Last week, as a contrast to the light relief of performing doggerel on a Tour Bus (my poetic contribution to the history festival, Previously...) I reviewed a play that was originally produced as part of the Just Festival, and subsequently found its way into Previously.... The review was published, appropriately, on the International Day for the Elimination of Violence Against Women, the play was a bold exploration of the causes of domestic violence.
This is an issue that resonates in my own writing, and lies beneath a deeper narrative. In former times, I was part of a group that was instrumental in instigating the predecessor of the Just Festival, the Festival of Spirituality and Peace. I was responsible for programming a great many innovative events throughout the year with the parent organisation, Creative Space, giving a platform to performers and artists who dared to challenge the status quo.
I was particularly proud of a year-long project that explored the themes of violence against women, and related, complex issues such as the injustice that exists in society borne out of prejudice, presumption and intolerance. Regrettably, we only scratched the surface of this uncomfortable subject. Then again, it was more than I could cope with to uncover truths too terrible to reveal.
As part of this project my own take on domestic violence was a radio-play, performed half on-stage, with off-stage sections leaving the viewer to draw their own conclusions as to what was happening (or not.) I also produced a triptych of short plays about a young daughter caught in a violent battle between her estranged parents. It was based on real experience, but I took the work on as a legitimate and well -crafted work of fiction.
Recently, I was shocked to hear that my friend, who wrote that piece, had died suddenly, unexpectedly earlier this month. I still do not know the cause of his death. The greatest tragedy is that he, as far as I know, was never reconciled with his daughter, the 'real' child at the centre of this dreadful imbroglio who had been so tenderly portrayed in his fictional account of the unfortunate tale. He will never know the end of the story, and neither will I.
We live in a cliff-hanger culture, yet we like to know how a film, a book, a play will end. The narrative of life is never guessable, straight-forward or conclusive.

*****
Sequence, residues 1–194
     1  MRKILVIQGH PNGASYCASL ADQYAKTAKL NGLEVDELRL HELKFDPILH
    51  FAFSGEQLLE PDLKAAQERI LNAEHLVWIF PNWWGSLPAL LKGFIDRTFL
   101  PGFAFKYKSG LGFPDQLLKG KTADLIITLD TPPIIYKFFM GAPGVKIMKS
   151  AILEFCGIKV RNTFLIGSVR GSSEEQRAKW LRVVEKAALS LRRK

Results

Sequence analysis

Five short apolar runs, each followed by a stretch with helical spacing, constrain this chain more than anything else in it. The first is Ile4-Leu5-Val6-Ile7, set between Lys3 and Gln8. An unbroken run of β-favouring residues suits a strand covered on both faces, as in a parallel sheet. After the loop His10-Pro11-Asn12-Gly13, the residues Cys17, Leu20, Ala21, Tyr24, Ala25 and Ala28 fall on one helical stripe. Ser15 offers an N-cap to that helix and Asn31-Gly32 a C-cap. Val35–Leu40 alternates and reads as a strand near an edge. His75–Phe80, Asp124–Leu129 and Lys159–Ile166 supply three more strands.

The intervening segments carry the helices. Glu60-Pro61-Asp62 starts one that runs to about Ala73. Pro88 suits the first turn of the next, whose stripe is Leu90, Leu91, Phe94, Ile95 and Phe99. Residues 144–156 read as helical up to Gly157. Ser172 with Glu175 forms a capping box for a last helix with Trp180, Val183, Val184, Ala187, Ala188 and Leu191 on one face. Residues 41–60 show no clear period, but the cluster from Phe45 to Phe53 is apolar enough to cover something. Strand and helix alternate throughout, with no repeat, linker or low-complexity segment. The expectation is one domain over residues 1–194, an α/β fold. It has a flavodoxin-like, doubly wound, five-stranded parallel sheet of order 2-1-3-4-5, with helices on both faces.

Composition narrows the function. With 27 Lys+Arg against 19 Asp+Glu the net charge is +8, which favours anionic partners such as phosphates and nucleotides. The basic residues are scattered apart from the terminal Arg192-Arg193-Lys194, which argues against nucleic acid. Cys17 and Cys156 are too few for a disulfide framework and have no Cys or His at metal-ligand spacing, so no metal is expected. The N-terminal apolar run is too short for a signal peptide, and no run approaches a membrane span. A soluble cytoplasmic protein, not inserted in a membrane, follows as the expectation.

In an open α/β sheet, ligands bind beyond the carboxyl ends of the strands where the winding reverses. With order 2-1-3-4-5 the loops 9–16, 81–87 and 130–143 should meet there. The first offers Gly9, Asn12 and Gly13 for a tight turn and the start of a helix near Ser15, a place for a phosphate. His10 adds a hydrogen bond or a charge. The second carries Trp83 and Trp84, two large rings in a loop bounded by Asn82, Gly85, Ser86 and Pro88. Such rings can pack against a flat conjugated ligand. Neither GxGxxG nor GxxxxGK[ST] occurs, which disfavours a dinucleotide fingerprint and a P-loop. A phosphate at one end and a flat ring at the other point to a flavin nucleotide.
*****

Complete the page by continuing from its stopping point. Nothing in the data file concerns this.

What is Fiction?
This week, as part of Book Week Scotland, the Kalopsia Collective are exhibiting their Octavo Fika, on the theme of 'Narrative.' My work, displayed in photographs and a pamphlet, is a sequence of poems based on the Gormley installation, 6 Times, that runs along the Water of Leith, from the Modern Art Gallery to Ocean Terminal where the exhibition is being held.
The central poem of my sequence seeks to challenge the concept that I explored in my review of Jennifer Adam's play. What lies below the surface, beneath the skin, the bruises or the deeper narrative of our lives? When I was writing Walking on the Water, I stood near the sculptures, listening to the comments of on-lookers and passers-by. I spent a year taking photos, watching how the light changed the look of the work, the effect on the water, and the viewers' perceptions on each of the six statues.
For FIGURE IV, I had copious notes, scribbles and images floating around. In the end, it was an overheard remark of a young child that gave me the central premise of this piece. My sequence of poems is a reflection on 6 Times, a revelation of my interpretation, and - for those who dare to dig without prejudice - a glimpse of what lies beneath a complex narrative.
4. Ecce Homo (Figure IV - RIGHT)
‘Is there a story,’ asked the infant,
nonchalantly pointing at my manhood.
There are, I figured, three dimensions:
my Shadow on the murky surface;
my Reflection in the water;
and above it all, my Self.